Sasha N. Zill, Ph.D.

Sasha Zill, Ph.D.Professor
Department: Anatomy and Pathology
Research Cluster: Neuroscience and Developmental Biology
Office: CEB 216
Phone: (304) 696-7384 | Fax: (304) 696-7290
E-mail: sensillum@aol.com; zill@marshall.edu
Personal webpage: http://medix.marshall.edu/~zill/

Research Interests

Our research is a labor of love that has as its context understanding how the nervous system generates motor behaviors.  It can be argued that nervous systems evolved in animals to allow for sensible decisions to be made in generating and adapting motor actions.  Sense organs provide the information needed for making these modifications. The animals we have studied are arthropod invertebrates, and most work in the lab is done on sense organs of insects that detect mechanical forces (mechanoreceptors).

Cogent reasons for studying insects are that their nervous systems have fewer neurons and their sense organs are individually identifiable. Experiments can be performed on these animals that are difficult or impossible to do in vertebrates. Our results are relevant to problems in motor control and Biorobotics. We have also studied these questions using engineering methods. However, the actual impetus for our studies is that insect behaviors are fascinating and richly complex. They are also constructed with an economy of design that reflects their remarkable adaptive success and longevity. Our research is further described on our webpages (see http://users.marshall.edu/~zill/index). The specific projects we are currently pursuing are described in Projects and our Publications are listed and some are available for download. We also have a number of video sequences available for study or perusal, many of which have audio channels with recordings of sensory or motor activities during the behaviors. We have also posted a page related to Issues in Medical Education and teaching Basic Science/Neurobiology as a forum for ideas and discussion.

Zill Fig (1)

Mechanoreceptors in stick insects (Zill Lab) Campaniform sensilla of the stick insect are echanoreceptors that monitor force acting on a leg. Many groups of sensilla are found in the trochanteral segment of the leg. Strains in the exoskeleton are detected by processes of sensory neurons that attach to the caps (right). The information provided by the sense organs has been modeled in simulations and emulated in robotic legs (Micrographs: Middle, Josef Schmitz and Annelie Exter; Right. Sumaiya Chaudhry and David Neff)

Selected Publications

Positive force feedback in development of substrate grip in the stick insect tarsus.
Zill SN, Chaudhry S, Exter A, Büschges A, Schmitz J. Arthropod Struct Dev. 2014 Jun 18. pii: S1467-8039(14)00048-6. doi: 10.1016/j.asd.2014.06.002. [Epub ahead of print] PMID: 24951882 [PubMed – as supplied by publisher]

Directional specificity and encoding of muscle forces and loads by stick insect tibial campaniform sensilla, including receptors with round cuticular caps.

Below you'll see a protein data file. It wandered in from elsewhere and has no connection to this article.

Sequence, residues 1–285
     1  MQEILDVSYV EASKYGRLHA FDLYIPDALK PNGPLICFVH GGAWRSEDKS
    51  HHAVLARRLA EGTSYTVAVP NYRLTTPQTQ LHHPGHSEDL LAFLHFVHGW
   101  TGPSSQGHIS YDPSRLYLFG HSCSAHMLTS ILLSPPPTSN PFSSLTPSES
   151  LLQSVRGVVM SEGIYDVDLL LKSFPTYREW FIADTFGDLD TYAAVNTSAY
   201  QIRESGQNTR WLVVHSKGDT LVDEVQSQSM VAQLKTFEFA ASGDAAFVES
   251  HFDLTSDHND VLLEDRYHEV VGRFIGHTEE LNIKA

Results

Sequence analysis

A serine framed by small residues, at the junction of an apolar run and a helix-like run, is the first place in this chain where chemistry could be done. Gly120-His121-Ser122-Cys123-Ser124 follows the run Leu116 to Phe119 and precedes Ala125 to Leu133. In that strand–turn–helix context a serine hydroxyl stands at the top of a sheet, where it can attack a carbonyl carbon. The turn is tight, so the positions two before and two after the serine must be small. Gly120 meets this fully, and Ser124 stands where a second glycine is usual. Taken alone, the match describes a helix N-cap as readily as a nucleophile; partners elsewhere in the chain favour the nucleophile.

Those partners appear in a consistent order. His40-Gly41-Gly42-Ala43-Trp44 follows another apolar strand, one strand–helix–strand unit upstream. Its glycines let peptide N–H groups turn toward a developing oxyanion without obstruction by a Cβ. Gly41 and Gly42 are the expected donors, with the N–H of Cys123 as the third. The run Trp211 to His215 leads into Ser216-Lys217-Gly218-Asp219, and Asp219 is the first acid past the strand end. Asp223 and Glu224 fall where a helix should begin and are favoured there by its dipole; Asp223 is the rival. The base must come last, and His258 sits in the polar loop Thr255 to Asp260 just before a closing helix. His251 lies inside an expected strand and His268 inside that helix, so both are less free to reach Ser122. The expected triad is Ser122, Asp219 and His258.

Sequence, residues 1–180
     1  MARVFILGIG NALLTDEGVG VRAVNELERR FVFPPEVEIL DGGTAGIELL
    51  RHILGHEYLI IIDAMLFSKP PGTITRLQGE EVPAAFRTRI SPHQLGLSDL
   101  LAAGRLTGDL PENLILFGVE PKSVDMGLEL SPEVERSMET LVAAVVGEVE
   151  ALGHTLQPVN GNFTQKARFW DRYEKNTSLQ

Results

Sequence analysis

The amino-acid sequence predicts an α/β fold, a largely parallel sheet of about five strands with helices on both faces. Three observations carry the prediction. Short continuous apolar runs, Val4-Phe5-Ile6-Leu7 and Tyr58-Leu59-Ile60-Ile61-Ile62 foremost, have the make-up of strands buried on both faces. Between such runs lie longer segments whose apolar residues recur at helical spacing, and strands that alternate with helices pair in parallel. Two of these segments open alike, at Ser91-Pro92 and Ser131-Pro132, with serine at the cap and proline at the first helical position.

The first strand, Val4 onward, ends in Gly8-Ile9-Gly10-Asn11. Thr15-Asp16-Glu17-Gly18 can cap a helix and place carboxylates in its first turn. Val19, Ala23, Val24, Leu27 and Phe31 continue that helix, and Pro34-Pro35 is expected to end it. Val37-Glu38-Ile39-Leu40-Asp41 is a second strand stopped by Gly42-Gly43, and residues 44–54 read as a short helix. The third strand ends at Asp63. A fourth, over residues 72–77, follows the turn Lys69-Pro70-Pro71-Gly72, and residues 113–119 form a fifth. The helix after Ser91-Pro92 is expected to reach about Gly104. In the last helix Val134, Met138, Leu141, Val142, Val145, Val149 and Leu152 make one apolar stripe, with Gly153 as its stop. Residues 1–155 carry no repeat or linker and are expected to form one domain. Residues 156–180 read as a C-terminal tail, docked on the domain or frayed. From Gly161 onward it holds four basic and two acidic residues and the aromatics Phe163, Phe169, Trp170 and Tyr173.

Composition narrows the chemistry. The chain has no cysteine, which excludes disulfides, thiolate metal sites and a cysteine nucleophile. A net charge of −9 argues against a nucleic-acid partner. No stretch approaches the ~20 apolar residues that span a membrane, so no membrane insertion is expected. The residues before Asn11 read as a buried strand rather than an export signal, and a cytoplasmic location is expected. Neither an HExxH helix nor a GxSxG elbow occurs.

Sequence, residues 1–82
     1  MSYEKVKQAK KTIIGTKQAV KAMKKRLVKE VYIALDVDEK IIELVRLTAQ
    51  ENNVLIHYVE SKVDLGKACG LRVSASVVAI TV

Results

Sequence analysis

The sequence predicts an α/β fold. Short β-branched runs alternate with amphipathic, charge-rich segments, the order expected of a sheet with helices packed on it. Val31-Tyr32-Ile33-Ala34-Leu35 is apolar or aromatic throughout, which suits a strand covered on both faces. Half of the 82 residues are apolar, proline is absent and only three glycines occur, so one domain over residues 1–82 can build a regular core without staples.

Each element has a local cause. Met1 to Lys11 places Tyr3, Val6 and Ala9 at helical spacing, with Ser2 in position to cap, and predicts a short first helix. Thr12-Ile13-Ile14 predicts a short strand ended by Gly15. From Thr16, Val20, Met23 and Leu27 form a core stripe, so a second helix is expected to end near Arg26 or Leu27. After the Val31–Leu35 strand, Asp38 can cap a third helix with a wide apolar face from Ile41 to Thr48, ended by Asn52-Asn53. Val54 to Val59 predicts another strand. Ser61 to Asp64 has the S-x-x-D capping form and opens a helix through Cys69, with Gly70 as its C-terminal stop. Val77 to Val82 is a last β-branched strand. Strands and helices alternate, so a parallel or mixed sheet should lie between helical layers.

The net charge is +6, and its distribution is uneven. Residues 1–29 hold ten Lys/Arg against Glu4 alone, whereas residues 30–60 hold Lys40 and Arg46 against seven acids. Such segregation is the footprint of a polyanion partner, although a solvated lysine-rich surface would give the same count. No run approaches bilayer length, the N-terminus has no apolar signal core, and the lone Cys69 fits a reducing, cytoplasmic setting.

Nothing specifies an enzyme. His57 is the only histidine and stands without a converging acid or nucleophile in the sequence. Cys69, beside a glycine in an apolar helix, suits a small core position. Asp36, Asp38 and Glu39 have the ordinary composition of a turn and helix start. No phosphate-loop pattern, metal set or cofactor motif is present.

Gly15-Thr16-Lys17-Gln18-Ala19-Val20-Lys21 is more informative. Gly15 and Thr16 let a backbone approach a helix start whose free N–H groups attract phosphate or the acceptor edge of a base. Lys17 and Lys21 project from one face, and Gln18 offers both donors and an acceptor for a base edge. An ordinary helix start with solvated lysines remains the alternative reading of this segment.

Zill SN, Chaudhry S, Büschges A, Schmitz J. Arthropod Struct Dev. 2013 Nov;42(6):455-67. doi: 10.1016/j.asd.2013.10.001. Epub 2013 Oct 11. PMID: 24126203 [PubMed – indexed for MEDLINE]

Force encoding in stick insect legs delineates a reference frame for motor control.
Zill SN, Schmitz J, Chaudhry S, Büschges A. J Neurophysiol. 2012 Sep;108(5):1453-72. doi: 10.1152/jn.00274.2012. Epub 2012 Jun 6. PMID: 22673329 [PubMed – indexed for MEDLINE] Free PMC Article

Zill, S, Büschges, A, Schmitz, J (2011) Encoding of force increases and decreases by tibial campaniform sensilla in the stick insect, Carausius morosus. J Comp Physiol A  197:851-867.

Zill SN (2010) Invertebrate neurobiology: role of the insect brain in walking. Current Biology 2-: 438-440.

Zill SN, Keller BR, Chaudhry S, Duke ER, Neff D, Quinn R, Flannigan C (2010) Detecting substrate engagement: responses of tarsal campaniform sensilla in cockroaches. J Comp Physiol A 196:407-420.

Zill SN, Keller BR, Duke ER (2009) Sensory signals of unloading in one leg follow stance onset in another leg: Transfer of load and emergent coordination in cockroach walking. J Neurophysiol 101:2297-2304.

Zill SN, Keller BR (2009) Neurobiology: Reconstructing the neural control of leg coordination. Current Biology 19: 371-373.

Zill SN, Keller BR (2008) Neurobiology: Venom of wasps and initiation of movements. Current Biology 18: 525-527.

Zill SN (2007) Invertebrate neurobiology: sensory processing in reverse for backward walking. Current Biology 17: R462-464.

Keller BR, Duke EF, Amer AS, Zill SN (2007) Tuning posture to body load: decreases in load produce discrete sensory signals in the legs of freely standing cockroaches.  J Comp Physiol A 193:881-891

Quimby L, Amer A and Zill, SN (2006) Common motor mechanisms support body weight in serially homologous legs of cockroaches in posture and locomotion.  J Comp Physiol A 192:247-266

Kaliyamoorthy S, Zill SN, Quinn RD (2005) Force sensors in hexapod locomotion.  Int J Robotics Res 24: 563-574

Zill S, Schmitz J, Büschges A (2004) Load sensing and control of posture and locomotion.  Arthropod Struct and Dev 33:273-286 (Special Issue: Arthropod Locomotion Systems: from Biological Materials and Systems to Robotics, RE Ritzmann, SN Gorb and RD Quinn, eds.)

Laboratory Personnel

Sumaiya Chaudhry